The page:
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From the Research Lab to Your Doctor's Office – Here's What Happens in Phase 1, 2, 3 Drug Trials

From the Research Lab to Your Doctor's Office – Here's What Happens in Phase 1, 2, 3 Drug Trials

Created: 06/03/2020
Last Updated: 06/03/2020

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By Mindy Aisen, University of Southern California

For COVID-19, like all illnesses, the drugs and vaccines to treat or prevent the disease must be backed by rigorous evidence. Clinical trials are the source of this evidence.

With vaccines and drugs for the coronavirus already entering human testing, it is important to know what the different phases of clinical trials are testing for. I am a neurologist with the Alzheimer’s Therapeutic Research Institute at the University of Southern California. Our team has been developing and overseeing all phases of clinical trials for decades. I am here to help you understand this complicated and important process.

Preclinical trials

The earliest indications about whether an intervention is effective and safe come from preclinical trials. This research is done in the laboratory using cells or animals.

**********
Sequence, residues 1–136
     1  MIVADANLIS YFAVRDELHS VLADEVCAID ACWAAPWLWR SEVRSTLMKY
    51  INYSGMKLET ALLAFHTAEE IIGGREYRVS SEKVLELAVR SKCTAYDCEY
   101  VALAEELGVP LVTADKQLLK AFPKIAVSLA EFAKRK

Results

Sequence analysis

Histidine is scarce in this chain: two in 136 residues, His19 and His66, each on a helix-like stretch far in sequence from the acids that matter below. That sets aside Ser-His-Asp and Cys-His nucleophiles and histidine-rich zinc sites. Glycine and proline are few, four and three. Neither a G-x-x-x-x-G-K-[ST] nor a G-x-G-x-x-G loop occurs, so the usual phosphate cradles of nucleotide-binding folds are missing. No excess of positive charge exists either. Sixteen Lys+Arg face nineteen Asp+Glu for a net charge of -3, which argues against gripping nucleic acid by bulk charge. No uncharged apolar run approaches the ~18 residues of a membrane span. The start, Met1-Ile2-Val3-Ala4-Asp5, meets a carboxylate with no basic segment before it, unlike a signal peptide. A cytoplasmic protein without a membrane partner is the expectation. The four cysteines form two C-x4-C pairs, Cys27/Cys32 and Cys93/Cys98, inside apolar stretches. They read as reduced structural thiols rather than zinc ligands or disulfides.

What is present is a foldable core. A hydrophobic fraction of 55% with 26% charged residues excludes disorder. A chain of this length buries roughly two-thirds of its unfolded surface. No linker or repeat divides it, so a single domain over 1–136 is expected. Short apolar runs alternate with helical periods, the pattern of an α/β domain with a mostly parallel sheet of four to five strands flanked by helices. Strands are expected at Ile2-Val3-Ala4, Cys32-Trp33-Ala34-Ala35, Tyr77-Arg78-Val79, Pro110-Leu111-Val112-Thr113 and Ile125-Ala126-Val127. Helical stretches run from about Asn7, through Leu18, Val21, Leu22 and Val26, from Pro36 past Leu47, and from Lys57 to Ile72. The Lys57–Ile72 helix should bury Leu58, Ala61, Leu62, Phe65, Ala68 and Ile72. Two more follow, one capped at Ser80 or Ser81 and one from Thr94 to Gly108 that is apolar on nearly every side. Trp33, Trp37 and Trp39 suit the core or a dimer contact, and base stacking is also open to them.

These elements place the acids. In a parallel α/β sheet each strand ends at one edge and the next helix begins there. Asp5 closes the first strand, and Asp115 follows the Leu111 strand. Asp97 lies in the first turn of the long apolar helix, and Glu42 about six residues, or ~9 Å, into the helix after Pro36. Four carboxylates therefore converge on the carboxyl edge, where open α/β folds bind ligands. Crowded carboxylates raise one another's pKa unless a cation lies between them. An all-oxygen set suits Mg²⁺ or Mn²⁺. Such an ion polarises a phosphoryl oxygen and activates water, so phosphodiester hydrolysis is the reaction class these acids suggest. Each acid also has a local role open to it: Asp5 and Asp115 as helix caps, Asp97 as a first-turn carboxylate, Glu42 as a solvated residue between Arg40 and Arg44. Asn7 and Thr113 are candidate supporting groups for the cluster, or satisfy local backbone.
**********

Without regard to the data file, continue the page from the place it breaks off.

Researchers can get some information about safety and efficacy of a treatment from preclinical trials, but the results do not say whether what they are testing is safe or works in people.

Once a treatment shows promise in preclinical trials, researchers begin the process of working through the phases that have been established by the U.S. Food and Drug Administration. These phases are designed to do two things: protect patients during the process and make sure that the drug or treatment works.

Phase 1 trials

Phase 1 trials are focused on safety. Researchers monitor kidney, liver, hormone and cardiac functions to look for adverse affects in human volunteers. They also look for biological signs of efficacy related to what they are hoping to treat. For example, if a trial was testing a vaccine, researchers might monitor immune activity to see if it increases.

Phase 1 clinical trials typically take around two months and involve small numbers of participants, usually 20 to 100 healthy volunteers or people with the condition that the intervention may treat. Researchers give the participants a range of medication dosages to help determine the lowest possible effective but safe dose. Some, but not all, phase 1 studies are randomized and placebo controlled, meaning that some portion of the subjects are given the real treatment and some get a placebo that does nothing. Neither the subject nor clinician knows who is receiving which treatment.

Drugs that pass phase 1 trials can be considered likely safe, but whether they work or not still remains to be seen.

Phase 2 trials

In phase 2 trials, researchers focus on seeing if the treatment works, finding the safest effective dose and determining what symptoms, tests or outcomes are the best measures of efficacy of the treatment. Determining the best measures of success is important for designing the final stage of testing.

All phase 2 trials are randomized and placebo controlled.